31 replies [Last post]
Offline
Location: ALABAMA
Joined: 12/06/2005
Posts: 81
.280

Thanks,everyone! To be honest, I was probably going to buy it anyway, but now I have no argument against it. Slide over .308, you have a new friend.

Offline
Location: Missouri/Arkansas
Joined: 08/21/2003
Posts: 891
.280

Sure, the 280 AI is a great round, provided you pay an arm, leg, and first-born for a rifle, and then stockpile massive quantities of brass for a round that is roughly on par with the 7mm Remington Magnum, and below that of the Ultra Mag, 7mm Weatherby, and 7 STW.

For me, it's one of those rounds that someone buys so they can make everyone go HUH???? WHA?????

Offline
Location: Pennsylvania
Joined: 03/18/2007
Posts: 30
.280
Captain_Obvious wrote:
Sure, the 280 AI is a great round, provided you pay an arm, leg, and first-born for a rifle, and then stockpile massive quantities of brass for a round that is roughly on par with the 7mm Remington Magnum, and below that of the Ultra Mag, 7mm Weatherby, and 7 STW.

For me, it's one of those rounds that someone buys so they can make everyone go HUH???? WHA?????

You can make all the 280 / 7mm Remington Express shells you want by necking up a 270 Winchester or necking down a 30 -06 Govt.

As long as it in a standard caliber in the rifle that you choose - you do not pay anything extra for it.

Remingtons first attempt to market it was a total flop. Mainly due to the fact that there was already a 270 win and a 30-06 already on the market and also due to the fact that after WW II, people associated metric cartridges with foreign countries - such as Germany and Japan and wanted nothing to do with them.

By just changing the name to 280 - it became a overnight success.

It has 3/4 the felt recoil of the 7 mm Remington mag and almost 75% of velocity as the 7mm Remington Mag.

Don Fischer's picture
Offline
Moderator
Location: Antelope, Ore
Joined: 03/24/2005
Posts: 3183
.280

Actually it started out as the 280 and was chambered in pump and semi auto rifle's. So it got down loaded. Them Remington tried to bring it back in the Mod 700 by calling it the 7mm express. Finally at some point they gave up and started calling it the 280 again. Remington never knew where it should have fit in so shot themselves in the foot. But I'd rather a 280 anyday than a 270 or any 7mm mag.

Offline
Location: Southern NH
Joined: 09/13/2006
Posts: 379
.280

I've got one and it's a very nice caliber. It'll do a job on deer and elk. Probably do a moose in, too. There is not a great selection of factory ammo but there's enough to get the job done. Think of it as a 7mm 30-06. As the others have said, it's great for handloaders partly due to the number of 7mm bullets available. Mine is a Remington 700 Mountain Rifle.

Offline
Location: Plymouth, Indiana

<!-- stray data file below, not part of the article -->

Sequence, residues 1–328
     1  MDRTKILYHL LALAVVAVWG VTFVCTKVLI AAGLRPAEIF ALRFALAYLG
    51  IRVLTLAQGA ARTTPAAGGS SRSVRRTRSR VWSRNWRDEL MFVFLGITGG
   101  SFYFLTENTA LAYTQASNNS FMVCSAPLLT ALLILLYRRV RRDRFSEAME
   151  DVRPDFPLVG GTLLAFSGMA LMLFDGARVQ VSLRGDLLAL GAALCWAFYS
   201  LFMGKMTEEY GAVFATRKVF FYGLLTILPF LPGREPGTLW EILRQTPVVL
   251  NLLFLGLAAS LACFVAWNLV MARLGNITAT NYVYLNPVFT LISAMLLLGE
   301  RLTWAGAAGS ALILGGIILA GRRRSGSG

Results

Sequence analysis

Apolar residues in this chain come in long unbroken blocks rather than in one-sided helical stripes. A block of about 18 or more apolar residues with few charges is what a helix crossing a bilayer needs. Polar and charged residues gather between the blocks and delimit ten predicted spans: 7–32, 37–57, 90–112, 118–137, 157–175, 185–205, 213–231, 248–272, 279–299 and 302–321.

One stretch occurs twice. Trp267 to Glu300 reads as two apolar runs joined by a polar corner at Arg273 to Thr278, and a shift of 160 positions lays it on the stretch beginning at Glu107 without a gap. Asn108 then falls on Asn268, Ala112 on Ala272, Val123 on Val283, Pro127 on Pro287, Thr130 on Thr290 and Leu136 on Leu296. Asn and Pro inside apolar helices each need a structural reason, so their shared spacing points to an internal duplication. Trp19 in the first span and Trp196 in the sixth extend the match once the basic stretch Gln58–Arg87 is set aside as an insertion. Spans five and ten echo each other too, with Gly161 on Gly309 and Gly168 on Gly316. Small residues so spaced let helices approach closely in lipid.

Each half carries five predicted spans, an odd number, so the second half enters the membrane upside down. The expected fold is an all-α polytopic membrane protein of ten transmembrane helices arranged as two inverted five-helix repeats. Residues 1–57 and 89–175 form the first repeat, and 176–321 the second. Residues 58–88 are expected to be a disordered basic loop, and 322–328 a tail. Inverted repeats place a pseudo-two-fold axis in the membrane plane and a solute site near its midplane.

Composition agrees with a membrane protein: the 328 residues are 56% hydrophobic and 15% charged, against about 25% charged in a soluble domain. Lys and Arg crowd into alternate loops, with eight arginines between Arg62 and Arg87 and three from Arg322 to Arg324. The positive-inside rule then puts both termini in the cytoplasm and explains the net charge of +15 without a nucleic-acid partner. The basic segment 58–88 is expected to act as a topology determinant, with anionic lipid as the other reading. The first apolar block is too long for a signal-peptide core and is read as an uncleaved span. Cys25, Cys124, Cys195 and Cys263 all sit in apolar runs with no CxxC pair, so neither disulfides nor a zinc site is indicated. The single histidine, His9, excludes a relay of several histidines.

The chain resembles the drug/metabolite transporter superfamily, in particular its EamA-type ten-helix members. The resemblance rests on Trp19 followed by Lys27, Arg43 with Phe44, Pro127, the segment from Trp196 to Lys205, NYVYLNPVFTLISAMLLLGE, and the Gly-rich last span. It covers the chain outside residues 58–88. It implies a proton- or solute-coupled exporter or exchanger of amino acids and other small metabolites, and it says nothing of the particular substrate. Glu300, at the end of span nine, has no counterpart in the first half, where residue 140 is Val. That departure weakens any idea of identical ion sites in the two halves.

Joined: 01/27/2007
Posts: 151
.280

Probably the most popular custom caliber especially for mountain rifles. I prefer it over most calibers excluding the big & nasty or long range elk hunting. It's just now getting the recognition it deserved many years ago. Remington didn't help itself by changing the name a few times & it couldn't compete with the popularity of the 7mm rem mag. Years ago handloaders discovered what a wonderful caliber it is & now we're starting to see more factory loads.

Offline
Location: Missouri/Arkansas
Joined: 08/21/2003
Posts: 891
.280

I believe one of the 280's alternative names was the 7mm-06, since it is simply a 30-06 necked down to .284 caliber. The result is a round that gives similar velocities with bullets that have superior ballistic coefficients and sectional densities.

Offline
Location: Somewhere Up There
Joined: 01/06/2007
Posts: 217
.280

Capt. O,

Can you explain the superior ballistic coefficients and sectional densities of the .280 to all of us? Dying to know, please?

Don Fischer's picture
Offline
Moderator
Location: Antelope, Ore
Joined: 03/24/2005
Posts: 3183
.280
Captain_Obvious wrote:
I believe one of the 280's alternative names was the 7mm-06, since it is simply a 30-06 necked down to .284 caliber. The result is a round that gives similar velocities with bullets that have superior ballistic coefficients and sectional densities.

P.O. Ackley has the 7mm-06 listed in his book's. That was a wildcat designation.

Offline
Location: Missouri/Arkansas
Joined: 08/21/2003
Posts: 891
.280

Sure!

140 grain bullets in .284 perform very much like the 165 grain .308 caliber bullets, those with the best BC's will actually perform a little bit better. The sectional densities for these are identical between calibers (SD-.248). For the sake of argument, this could also be said of the .277 caliber with 130 grain bullets.

150 grain .7mm bullets have a ballistic coefficient of .266, which puts them higher than 170 grain .308 caliber bullets and only five points shy of the .308 caliber 180. The 154 grain bullet has an ever higher SD.

160, 162, and 165 grain .7mm bullets have very high sectional densities (.286 and up) and compare with or exceed 190 grain .308 caliber bullets.

The long 175 grain bullet, (SD-.310) would only be needed in cases where extreme penetration is required, such as on a very large bear. Penetration by this bullet is a tad better than a typical 200 grain .308 caliber bullet.